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Monday, May 3, 2010
Cortisone Shots: The Thought Process Behind
• Cortisone shots can be divided into short-acting or long-acting.
• Short-acting shots normally are beneficial for 3 days and are used to quickly reduce inflammation. They are commonly betamethasone (6mg/ml) or dexamethasone (4mg/ml) formulas. Since even short-acting cortisone can cause damage/weakness to tendons, if given into tendon sheaths the body part should be immobilized for the 3 days. It is the long-acting shots that are the true healers when the inflammation is out of control, and normally what people are talking about when it comes to a cortisone shot.
• This post shows that cortisone normally is not a quick fix as some athletes hope, but it can speed the return to a high level of athletic activities when given appropriately.
• Long-acting shots have a crystalline base which slowly dissolves over a 9 month period. They are commonly Kenalog (10mg/ml) or Celestone (6mg/ml) brands. Any shot after the first long-acting cortisone shot within the 9 month period is considered a booster shot.
• Long-acting cortisone shots are normally mixed with a 5 hour local anesthetic. This way the shot also becomes very diagnostic. The long-acting cortisone itself takes 3 to 7 days before it begins to work. This is why you wait 2 weeks to see its effectiveness. I ask the patient to tell me how much pain relief they received in the first 5 hours, and then over the next 3 to 14 days. The initial 5 hours tell me if the cortisone was deposited in the right place.
• Following a long-acting cortisone shot, and after the local anesthetic has worn-off, there can be a period of 2 to 7 days where there is more pain due to the added swelling produced by the shot. This is why patients are encouraged to ice the area of the shot 3 times daily during the first week, and twice daily during the second week.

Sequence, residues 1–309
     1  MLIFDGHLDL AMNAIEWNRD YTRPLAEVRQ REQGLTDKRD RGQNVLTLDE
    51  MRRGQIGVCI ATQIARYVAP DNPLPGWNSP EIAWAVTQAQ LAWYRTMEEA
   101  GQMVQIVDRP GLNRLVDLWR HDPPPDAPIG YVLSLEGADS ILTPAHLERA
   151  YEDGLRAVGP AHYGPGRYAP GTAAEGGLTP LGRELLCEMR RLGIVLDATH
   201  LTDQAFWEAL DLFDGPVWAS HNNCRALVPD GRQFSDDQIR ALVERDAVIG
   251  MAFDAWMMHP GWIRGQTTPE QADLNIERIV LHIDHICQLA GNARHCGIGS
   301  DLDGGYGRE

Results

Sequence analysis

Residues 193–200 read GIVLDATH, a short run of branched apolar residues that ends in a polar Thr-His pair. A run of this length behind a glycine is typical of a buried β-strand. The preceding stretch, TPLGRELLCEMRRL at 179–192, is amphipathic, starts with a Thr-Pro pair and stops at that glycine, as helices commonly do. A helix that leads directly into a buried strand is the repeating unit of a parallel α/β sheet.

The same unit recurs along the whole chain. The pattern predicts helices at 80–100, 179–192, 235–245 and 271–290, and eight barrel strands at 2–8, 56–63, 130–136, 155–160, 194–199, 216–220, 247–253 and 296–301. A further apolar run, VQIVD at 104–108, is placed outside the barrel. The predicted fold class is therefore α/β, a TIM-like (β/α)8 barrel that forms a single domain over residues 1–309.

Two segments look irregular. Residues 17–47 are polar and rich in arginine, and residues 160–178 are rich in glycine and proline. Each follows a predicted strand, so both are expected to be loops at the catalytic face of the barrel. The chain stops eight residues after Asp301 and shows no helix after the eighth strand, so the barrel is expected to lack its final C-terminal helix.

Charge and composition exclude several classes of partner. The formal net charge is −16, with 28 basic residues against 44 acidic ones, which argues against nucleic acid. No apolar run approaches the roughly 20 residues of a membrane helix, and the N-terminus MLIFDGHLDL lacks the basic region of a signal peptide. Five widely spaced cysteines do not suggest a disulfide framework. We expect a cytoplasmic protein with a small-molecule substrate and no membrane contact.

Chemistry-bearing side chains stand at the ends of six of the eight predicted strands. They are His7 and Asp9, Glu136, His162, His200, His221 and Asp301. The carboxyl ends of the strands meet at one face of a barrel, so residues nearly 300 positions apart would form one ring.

• Patients are told to come back in 2 weeks if they have less than an 80% pain relief (normally no pain walking, greatly diminished pain from before the shot).
• Long-acting cortisone shots are given routinely to diminish inflammation for bursitis and neuritis situations.
• Long-acting cortisone shots should never be given into tendon or tendon sheaths (the covering of the tendon) since they are associated with tendon ruptures. It is important to keep the cortisone as far away from the neighboring tendons as possible.
• Long-acting cortisone should only be given into joints when MRI s (not x rays) have documented no bone/cartilage damage to be of concern, or when the only alternative is surgical treatment. An arthritic joint, for example, can have up to 5 injections per year to calm down the inflammation, but if the injections stop working, surgery in some form will be the only alternative. The patient must know this going forward with the shots.
• Long-acting cortisone is never injected into the plantar fascia itself, but into the bursitis under it. Tears of the plantar fascia can occur with injections into the plantar fascia directly.